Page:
2010-2011 Season

Five Key Plays: Michigan vs. Illinois

1) Zack Novak’s four made 3-pointers

Zack Novak is one of Michigan’s players that tends to influence the box score by doing more than just scoring, but today he provided Michigan with a big boost offensively by tallying 14 points. Zack’s weapon of choice on offense was the long ball, and while there were certainly bigger shots in the course of the game, there were many times when the Wolverines appeared to be teetering on the edge and one of Zack’s triples brought them back. His first two 3-pointers went toward building Michigan’s initial lead. His first one was a good illustration of something the Illinois players talked about at length after the game, which was how much success Michigan had when they got out in transition. The two 3-pointers Zack sunk in the second half were big in that they kept the lead Illinois held for most of the game from ballooning into unmanageable territory. They kept Michigan within striking distance in the second half  which enabled the late Wolverine run.

2) Evan Smotrycz’s two second-half 3-pointers

Smot’s first 3-pointer could not have come at a better time. After Tim Hardaway Jr. cut the Illini lead to nine with a triple, Brandon Paul knocks down an extremely deflating 3 to recover the 12-point lead. It was around this time when the game seemed like it just might be out of reach for the Wolverines. But if they were on life support, Smotrycz’s 3-pointer on the next possession functioned as the defibrillator. Evan actually had two chances to take this shot on the same possession but passed on the first. His next 3, with about five and a half minutes left, came after a Darius Morris lay-in and a stop on the other end. At this point Michigan looked like they had some life and that they at least had a run in them. Then on the ensuing possession, Stu Douglass sets a screen on Evan’s man as Evan pops out to the top of the key, Darius finds him, and Smot drains on of the biggest shots of his young career. His triple cut the Illinois lead to just four points.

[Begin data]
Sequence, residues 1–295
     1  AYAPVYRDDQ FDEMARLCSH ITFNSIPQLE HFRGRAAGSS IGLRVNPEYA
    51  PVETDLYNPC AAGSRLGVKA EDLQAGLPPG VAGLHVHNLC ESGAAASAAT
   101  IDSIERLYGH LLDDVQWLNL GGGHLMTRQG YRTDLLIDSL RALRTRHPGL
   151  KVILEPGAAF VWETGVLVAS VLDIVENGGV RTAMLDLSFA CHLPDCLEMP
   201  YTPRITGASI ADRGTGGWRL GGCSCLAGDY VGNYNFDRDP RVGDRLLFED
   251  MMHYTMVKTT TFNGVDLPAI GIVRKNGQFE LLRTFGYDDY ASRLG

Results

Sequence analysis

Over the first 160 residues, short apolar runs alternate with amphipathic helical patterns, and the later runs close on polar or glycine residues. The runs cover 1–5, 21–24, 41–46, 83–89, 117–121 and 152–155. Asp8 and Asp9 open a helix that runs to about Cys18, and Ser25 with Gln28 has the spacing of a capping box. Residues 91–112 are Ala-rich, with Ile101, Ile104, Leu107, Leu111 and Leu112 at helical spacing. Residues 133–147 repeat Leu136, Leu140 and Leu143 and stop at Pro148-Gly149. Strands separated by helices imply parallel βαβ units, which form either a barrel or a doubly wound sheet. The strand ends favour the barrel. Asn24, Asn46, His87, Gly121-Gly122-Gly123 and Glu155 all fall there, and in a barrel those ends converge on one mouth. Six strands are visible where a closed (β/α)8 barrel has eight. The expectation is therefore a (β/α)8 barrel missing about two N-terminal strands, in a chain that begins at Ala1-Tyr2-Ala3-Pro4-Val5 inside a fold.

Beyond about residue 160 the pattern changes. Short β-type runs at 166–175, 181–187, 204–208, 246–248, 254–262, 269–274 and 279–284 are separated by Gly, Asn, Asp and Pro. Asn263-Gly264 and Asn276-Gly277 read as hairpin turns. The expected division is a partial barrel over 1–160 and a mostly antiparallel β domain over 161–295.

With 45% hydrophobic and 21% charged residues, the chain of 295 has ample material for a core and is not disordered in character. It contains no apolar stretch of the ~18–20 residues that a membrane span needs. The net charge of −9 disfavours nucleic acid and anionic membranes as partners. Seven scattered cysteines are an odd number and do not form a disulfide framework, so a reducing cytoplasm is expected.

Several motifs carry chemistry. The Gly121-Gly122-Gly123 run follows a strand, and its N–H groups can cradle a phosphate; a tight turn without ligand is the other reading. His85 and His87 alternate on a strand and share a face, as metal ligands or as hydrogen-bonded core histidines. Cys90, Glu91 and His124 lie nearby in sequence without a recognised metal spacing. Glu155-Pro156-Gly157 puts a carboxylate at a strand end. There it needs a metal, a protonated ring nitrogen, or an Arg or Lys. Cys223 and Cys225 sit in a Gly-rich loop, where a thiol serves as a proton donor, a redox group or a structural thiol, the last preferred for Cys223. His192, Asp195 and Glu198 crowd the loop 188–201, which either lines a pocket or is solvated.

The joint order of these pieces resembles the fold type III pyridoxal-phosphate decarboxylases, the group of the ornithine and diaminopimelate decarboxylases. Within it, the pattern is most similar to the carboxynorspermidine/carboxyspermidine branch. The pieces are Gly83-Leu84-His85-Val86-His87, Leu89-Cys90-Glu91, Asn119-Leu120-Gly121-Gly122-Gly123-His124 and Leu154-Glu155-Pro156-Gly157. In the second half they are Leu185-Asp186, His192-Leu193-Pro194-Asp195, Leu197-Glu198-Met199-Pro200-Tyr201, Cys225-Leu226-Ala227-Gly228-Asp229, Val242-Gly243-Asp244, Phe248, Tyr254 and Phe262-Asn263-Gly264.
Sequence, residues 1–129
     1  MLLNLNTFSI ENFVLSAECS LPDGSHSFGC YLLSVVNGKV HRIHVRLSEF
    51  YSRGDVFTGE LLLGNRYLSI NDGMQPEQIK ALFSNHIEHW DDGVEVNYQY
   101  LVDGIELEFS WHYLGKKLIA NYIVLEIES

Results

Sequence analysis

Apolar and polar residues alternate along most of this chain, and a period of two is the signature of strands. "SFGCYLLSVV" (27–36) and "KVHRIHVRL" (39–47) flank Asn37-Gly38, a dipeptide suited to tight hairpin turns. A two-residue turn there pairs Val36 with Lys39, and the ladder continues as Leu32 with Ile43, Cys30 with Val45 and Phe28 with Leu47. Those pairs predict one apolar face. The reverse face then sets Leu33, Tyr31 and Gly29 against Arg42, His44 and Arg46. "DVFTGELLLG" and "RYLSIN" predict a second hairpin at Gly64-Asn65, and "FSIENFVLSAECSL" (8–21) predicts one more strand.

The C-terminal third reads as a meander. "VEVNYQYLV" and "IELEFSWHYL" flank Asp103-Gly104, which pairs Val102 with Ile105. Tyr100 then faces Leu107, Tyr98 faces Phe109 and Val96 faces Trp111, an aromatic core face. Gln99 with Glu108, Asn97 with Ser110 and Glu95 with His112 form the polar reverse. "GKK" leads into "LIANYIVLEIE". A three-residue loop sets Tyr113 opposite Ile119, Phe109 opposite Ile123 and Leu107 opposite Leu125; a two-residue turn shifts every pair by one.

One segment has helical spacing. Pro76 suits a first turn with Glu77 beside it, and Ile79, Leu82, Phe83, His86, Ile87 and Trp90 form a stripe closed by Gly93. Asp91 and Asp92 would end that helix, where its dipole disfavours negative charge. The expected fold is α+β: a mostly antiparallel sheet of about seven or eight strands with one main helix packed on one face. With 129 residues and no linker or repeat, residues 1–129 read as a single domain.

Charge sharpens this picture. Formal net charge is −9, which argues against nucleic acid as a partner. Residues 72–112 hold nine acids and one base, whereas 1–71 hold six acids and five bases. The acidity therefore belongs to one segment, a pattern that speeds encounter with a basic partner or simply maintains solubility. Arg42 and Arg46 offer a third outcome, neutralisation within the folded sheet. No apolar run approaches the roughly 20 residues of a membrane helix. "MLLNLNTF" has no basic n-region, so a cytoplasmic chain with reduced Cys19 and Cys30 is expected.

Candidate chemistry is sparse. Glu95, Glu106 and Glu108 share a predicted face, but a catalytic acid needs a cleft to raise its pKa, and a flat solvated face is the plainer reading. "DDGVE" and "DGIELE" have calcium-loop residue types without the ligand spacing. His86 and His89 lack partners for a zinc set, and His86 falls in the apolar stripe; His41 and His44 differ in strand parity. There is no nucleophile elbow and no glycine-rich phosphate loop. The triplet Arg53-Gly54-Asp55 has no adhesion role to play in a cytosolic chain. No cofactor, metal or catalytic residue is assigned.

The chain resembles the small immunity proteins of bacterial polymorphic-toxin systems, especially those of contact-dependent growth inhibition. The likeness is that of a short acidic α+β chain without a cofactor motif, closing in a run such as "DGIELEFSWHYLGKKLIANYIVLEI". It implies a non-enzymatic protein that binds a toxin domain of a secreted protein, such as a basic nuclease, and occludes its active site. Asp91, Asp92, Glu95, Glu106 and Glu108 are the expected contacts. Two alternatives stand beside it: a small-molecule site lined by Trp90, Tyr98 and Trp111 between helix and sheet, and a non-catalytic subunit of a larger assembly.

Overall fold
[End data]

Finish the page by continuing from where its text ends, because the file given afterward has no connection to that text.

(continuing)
3) Darius Morris scores eight points in the final eight minutes

In the midst of Tim Hardaway’s emergence as one of the best freshmen in the country, it’s important not to forget that Michigan has not one but two scoring guards who can put the team on their back late in games. Darius was instrumental in today’s comeback, willing the Wolverines to scores on numerous occasions in the final eight minutes. Whether it was creating in transition, taking the ball to the hoop or pulling up for a mid-range jumper, Darius seemed to have the answer to every defense that Illinois threw at him. Morris had a great all-around day: he finished as Michigan’s leading scorer with 17 points, gathered four rebounds and dropped seven assists to only two turnovers. When Darius was off the court, the offense looked aimless; it might not have been that pretty even when he was on the floor, but at least it looked like there was some direction. Perhaps the best part of Morris’s late run? With just over two minutes left and Michigan down two, he went to the free throw line and calmly knocked down two freebies.

4) Tim Hardaway Jr’s late 3-pointer

Just because Darius was the one who put the Wolverines on his back doesn’t mean Tim didn’t get in on the act as well. The situation: Darius sinks two free throws to tie the game with two minutes left. Evan Smotrycz makes a great play on defense by stealing an errant pass by Demetri McCamey to Mike Tisdale and getting Michigan out on the break. Darius drives like he’s going to the basket but sees Tim is open on the perimeter. Darius dumps the ball off to Tim, who buries the triple to put Michigan up by three with just over a minute and a half to play. Once again, while this wasn’t completely a “fast-break basket,” the Illini still didn’t have a chance to totally set their defense before Hardaway let the shot fly. It was a big reason why Tim was open, and opportunities to score in transition were a big reason Michigan was able to come back late in this game.

5) Zack Novak’s rebound in traffic to ice the game

On Illinois last real possession, the Illini still had a chance to tie the game after Smotrycz missed the front end of a one-and-one. It could have been disastrous, but Michigan played smart defense and let Illinois get the harmless two. Except Brandon Paul missed the easy lay-in and Zack grabbed the rebound like he grabs every rebound — fiercely. Novak elevated among multiple Illinois defenders and brought the ball down before calmly walking to other end and making his free throws.

To Top